About 20% of the time i take a picture the pictures have a bright white backround as though the flash overflashed.
You can still see the subject you took the picture of but the picture itself is useless.
So, the problem doesn't seem to be the flash if the actual subject in
the foreground is exposed properly. My guess is that the background is
being lit by another light source. Typically, your camera uses a flash
for dark areas or what it gauges as a dark area. This doesn't adjust
the background for additional light sources. For example, if you're
standing outside and there's a tree covering someone that you're taking
a picture of your flash will adjust to "properly" light that
individual. However, because the flash was used for the main subject,
the background is actually now overexposed. The overexposed background
will show up as a brightly lit area because the camera had to adjust
for the foreground. This will actually reverse itself when it's dark
out - meaning if the background and foreground are dark, the flash will
expose the foreground, but the background will be black. Hopefully,
that helps you understand lighting and exposure. Now, to fix this
problem when shooting, you would need to consider several options - 1.
SLR camera with aperture and f-stop settings as well as compensation
controls. This will allow you to control every element of the exposure, but you still need to be aware of the lighting behind the "subject" to properly expose your shots. 2. backlighting compensation - common settings on both SLR and point and shoot cameras that makes auto lighting conversions for backlighting and other common lighting issues. Test whatever options are on your camera to see what works best for your specific problem. 3. Photoshop retouching - you may take one shot with your subject exposed properly and a second shot with the background then merge the images together. 4. using
a tripod to shoot without using the flash - this may give you the closest exposure to exactly what you see when looking at your subject.
- If you need clarification, ask it in the comment box above.
- Better answers use proper spelling and grammar.
- Provide details, support with references or personal experience.
Tell us some more! Your answer needs to include more details to help people.You can't post answers that contain an email address.Please enter a valid email address.The email address entered is already associated to an account.Login to postPlease use English characters only.
Tip: The max point reward for answering a question is 15.
What you're seeing is blown-out highlights. These are areas of your picture where the bright stuff (highlights) have been so overexposed (blown-out) that all detail has been lost. That's not necessarily a bad thing, but usually is. The proper fix is to reduce exposure slightly. Lost details in the dark areas are usually considered more acceptable than lost details in the bright areas.
If you simply don't want to see the blinking black/white parts of your picture, simply press up/down on the multiselector to select a different view of your picture.
i have the same exact problem with mine. it's two and a half years old as well. i also noticed that if you try taking pictures in any of the best shot modes the pictures come out looking like paintings.
It is the shutter (or at least it was for me) I found a simple test here: http://www.mydc.com.tw/repair/knowledge_en/casio-exilim-ex-s600-overexposure-t17.html I repaired it myself, but it took me a whole afternoon and lots of patience. The hard part is taking the camera apart, once I got to the shutter I just activated it manually so to dislodge any pieces that might have gotten jammed, then placed it back together again and it worked! :). It's really hard to take apart, it's like a puzzle sometimes, to find which screws are keeping it together. I also had a bit of hard time when it came to put the zoom back together again. But I guess it beats throwing the camera away. I'm still puzzled on how the CCD works so that an overexposure would make horizontal overexposed lines, but everything points to that. Fixed shutter, lines be gone.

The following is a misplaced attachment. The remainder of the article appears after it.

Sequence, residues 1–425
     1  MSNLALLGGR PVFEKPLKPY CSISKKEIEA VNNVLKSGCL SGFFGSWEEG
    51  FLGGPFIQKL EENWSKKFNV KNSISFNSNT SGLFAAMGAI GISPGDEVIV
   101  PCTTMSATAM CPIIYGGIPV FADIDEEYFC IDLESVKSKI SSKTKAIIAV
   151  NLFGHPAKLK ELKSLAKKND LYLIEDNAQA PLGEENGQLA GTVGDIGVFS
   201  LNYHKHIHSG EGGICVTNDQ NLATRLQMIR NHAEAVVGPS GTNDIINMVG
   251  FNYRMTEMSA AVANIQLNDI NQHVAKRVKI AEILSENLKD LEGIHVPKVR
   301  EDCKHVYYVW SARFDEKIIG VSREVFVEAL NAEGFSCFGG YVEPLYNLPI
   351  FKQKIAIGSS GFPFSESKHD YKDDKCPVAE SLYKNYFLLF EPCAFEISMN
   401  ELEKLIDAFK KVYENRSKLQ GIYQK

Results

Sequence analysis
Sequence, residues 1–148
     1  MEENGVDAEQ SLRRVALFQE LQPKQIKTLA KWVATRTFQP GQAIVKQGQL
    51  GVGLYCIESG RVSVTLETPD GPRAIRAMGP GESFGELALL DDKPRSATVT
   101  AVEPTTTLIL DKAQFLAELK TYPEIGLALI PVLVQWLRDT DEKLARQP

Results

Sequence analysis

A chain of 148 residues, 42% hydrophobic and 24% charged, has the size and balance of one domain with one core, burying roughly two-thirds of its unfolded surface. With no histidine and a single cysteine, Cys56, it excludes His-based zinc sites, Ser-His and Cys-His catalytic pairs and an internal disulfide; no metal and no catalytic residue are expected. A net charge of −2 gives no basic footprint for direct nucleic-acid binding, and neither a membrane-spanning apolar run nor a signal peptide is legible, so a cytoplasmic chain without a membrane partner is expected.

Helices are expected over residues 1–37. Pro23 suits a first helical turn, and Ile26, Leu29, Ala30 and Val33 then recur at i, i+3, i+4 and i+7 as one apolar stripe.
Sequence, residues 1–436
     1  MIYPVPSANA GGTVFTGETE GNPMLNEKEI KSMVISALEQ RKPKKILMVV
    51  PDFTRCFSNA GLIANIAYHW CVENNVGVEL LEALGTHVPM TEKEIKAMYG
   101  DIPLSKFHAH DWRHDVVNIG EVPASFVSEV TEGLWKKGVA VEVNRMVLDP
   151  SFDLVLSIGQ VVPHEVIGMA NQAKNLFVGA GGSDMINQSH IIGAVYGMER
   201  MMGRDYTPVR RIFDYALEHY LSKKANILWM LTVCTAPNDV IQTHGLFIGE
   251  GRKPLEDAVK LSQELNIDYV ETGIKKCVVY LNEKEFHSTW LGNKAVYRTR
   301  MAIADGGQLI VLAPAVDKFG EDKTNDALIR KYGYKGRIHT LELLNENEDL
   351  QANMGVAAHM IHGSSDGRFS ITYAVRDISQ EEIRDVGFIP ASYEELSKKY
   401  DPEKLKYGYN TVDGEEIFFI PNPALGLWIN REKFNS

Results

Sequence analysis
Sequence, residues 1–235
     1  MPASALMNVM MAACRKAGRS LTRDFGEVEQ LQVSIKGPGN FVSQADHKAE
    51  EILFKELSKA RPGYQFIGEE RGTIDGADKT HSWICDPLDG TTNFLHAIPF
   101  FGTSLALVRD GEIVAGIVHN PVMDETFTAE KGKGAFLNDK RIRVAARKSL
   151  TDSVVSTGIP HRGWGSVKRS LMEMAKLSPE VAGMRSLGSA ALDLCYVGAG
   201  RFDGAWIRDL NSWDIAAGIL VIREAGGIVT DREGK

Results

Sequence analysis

My guess is the the EV setting is on the + side and not neutral (0).
Either that or Image Adjustment setting is wrong. Check EV by pressing
the +/- button (right side near On/Off switch). Hold EV selector and
make sure 0.0 is in the display. Let me know if that is not the problem
and I'll assist you further.
the camera's light sensor or metering system, for correct flash exposure is no longer working, that's why your shots is either black or white (overexposed or underexposed) the flash firing has loose its control because of the defective sensor, it now only depends on the charge current of the flash capacitor. If you'll wait longer time the charge is maximum picture result will be overexposed(white), and vice versa, less charge, dark result, have the flash assy replaced. Daylight no problem, it doesnt use the flash circuitry, thanks
Well if you have time and the camera manual with you check out the settings to make sure you have not missed anything.
You could also check out the Fuji Tech Support at the Website
Not much else you can to unless you can find a repairer- after all you re in the land where they are all made.
If you're using the forced flash setting, it may be too bright. Try setting the flash to Auto. If you're facing a bright light source, you may need to shoot your picture from a different angle. Use Image Expert to adjust the picture's brightness, as described on page 9-4. Set user mode to Manual and adjust the camera's exposure setting.